The monks welcome pilgrims and retreatants. One piece of advice: do not plug a hair dryer into the shaver outlet. You’ll blow the lights out of a good portion of the monastery!

To those who doubt the value of monasticism for the New Evangelization, we say: “Come and see!” (John 1:39). For the witness of our tradition cannot be conveyed by words alone.



Dominican Evangelization on the Streets of DC

op lean on meWhen you see a group of people singing “Lean on Me” on a busy city street, you might think it is a throwback to the 1970’s. However, this group of singers are Dominican friars and sisters who took to the streets of Washington, DC, on May 17th to do a little street evangelization.

The friars are from the Dominican House of Studies, while the sisters came from Ann Arbor, Michigan, and the Dominican Sisters of Rosary House.

For the Dominicans, this was their way of spreading Easter joy. While they handed out rosaries and pamphlets explaining this prayerful  way of meditating on Scripture, they drew people in by engaging them in song. It was a way for an encounter with Christ to take place.

“Music is such a beautiful expression of Gospel joy that it just ‘clicks’ for people,” said Dominican Brother Gregory Pine. Music is a way of “re-presenting the attractiveness of the Gospel in another medium.” Brother Norbert Keliher said that the music and the rosary are a “doorway for evangelization.”

To see this energetic group in action, go to YouTube to watch their rendition of “Lean on Me!”

You can support the young Dominicans friars of the  Province of St. Joseph by purchasing their first release from Dominicana Records, In Medio Ecclesiae. In Medio Ecclesiae offers chant and polyphonic treasures of the Church’s musical tradition as well as two new compositions by Dominican friars. Click here to listen to the Good Friday meditation: O vos omnes (“O all you who walk by on the road, pay attention and see if there be any sorrow like my sorrow.”)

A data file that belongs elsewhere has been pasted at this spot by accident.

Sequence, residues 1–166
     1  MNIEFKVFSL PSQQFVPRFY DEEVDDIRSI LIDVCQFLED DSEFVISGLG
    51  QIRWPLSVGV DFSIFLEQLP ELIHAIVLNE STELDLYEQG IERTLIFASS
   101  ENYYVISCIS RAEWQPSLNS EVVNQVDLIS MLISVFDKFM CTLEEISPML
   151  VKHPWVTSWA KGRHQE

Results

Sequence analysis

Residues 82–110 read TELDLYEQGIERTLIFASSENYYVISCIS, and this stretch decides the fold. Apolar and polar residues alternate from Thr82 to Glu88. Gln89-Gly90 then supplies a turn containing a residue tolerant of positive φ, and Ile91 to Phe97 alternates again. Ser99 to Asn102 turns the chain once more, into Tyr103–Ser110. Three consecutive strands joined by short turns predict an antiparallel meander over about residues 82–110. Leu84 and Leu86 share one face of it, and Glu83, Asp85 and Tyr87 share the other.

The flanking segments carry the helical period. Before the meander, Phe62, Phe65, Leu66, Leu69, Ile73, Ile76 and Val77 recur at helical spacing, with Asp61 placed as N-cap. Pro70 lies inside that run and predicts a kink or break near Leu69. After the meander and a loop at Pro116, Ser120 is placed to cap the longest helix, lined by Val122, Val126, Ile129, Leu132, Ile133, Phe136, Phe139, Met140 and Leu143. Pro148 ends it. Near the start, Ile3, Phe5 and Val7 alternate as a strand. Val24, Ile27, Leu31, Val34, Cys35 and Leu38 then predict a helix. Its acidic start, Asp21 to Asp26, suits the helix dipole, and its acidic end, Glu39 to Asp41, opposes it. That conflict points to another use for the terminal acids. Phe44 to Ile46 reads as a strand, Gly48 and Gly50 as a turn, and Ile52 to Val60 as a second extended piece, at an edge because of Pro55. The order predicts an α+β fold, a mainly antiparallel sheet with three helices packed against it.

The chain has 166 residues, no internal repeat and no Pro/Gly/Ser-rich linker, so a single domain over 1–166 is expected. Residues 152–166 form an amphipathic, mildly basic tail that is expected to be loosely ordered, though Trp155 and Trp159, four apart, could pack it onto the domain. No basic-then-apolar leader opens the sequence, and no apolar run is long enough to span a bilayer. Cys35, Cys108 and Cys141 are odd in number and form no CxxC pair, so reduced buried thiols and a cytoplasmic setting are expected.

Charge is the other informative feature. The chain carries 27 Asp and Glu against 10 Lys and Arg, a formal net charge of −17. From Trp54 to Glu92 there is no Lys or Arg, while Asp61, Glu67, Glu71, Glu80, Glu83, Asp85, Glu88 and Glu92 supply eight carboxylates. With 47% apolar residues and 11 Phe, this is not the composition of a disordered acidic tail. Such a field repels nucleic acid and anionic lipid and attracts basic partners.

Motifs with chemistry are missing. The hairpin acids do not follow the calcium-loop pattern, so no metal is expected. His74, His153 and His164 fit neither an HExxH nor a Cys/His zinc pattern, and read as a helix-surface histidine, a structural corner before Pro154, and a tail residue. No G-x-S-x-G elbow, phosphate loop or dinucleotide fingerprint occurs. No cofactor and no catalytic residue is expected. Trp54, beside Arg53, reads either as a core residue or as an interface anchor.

Dominican Students of the Province of Saint Joseph
Dominican Students of the Province of Saint Joseph


Missionaries of the Word

green bayOn May 1, 2014, Bishop David Ricken of Green Bay established a new community of women religious in his diocese called the Missionaries of the Word. Their primary mission is to bring the Gospel to youth and young adults in the spirit of the New Evangelization.

Peggy Duemling, now known as Mother Catherine, received her habit and pronounced final vows, and two other women, Sister Maria Lucia Stella Maris, 23, and Sister Marie Bernadette of the Sacred Heart, 22, became novices. They are living together at St. Joseph Formation Center at Kangaroo Lake in Door County, Wisconsin.

This Public Association of the Faithful has its roots in the Missionaries of Charity where Mother Catherine was a sister for 10 years. She left because of her asthma but felt that God was still calling her to religious life. “I always felt there was something in my heart,” she said. “I needed more.”

Her spiritual director and the archbishop in Milwaukee urged her to go to Green Bay to work with Fr. Quinn Mann and his ministry for youth. And Bishop Ricken put her through various tests along the way. “For example, he said, ‘If three women come before Sept. 8, we’ll move ahead,’” she said. “That happened and they have been with me since 2012.”

She took the name Catherine after St. Catherine of Siena and St. Catherine Laboure. “We work with the youth because we lose them between the ages of 14 and 30. We build relationships with them to bring them to the Lord.” They will serve, however, where they are most needed. “We belong to the church,” Mother Catherine said. “We truly want to support the parishes. We will serve where we are needed or where we are invited.”

Bishop Ricken says that there are a couple of generations of Catholics who haven’t been really engaged in their faith. “Part of that is all the pressure from the culture, but part of it as well is that we haven’t done a very good job of really making disciples, you know real followers of Jesus, of our Catholic people,” the bishop said. “We can see that so many people that fall away from the church eventually wind up falling away from God. Some of them go to other churches, but often times they just quit and they get farther and farther away from God. So a person’s soul can wind up in trouble with all kinds of problems if they’ve excluded God or neglected God.”

May these missionaries of the New Evangelization bring the light of Christ to those they serve. For contact information, please see the press release.


Resources for Consecrated Virgins

One of the oldest sacramentals in the Church is Consecrated Virginity. This state in life was restored in the Church following Vatican II. It is still a relatively rare phenomenon in the Church for there are only 215 or so consecrated virgins in the United States.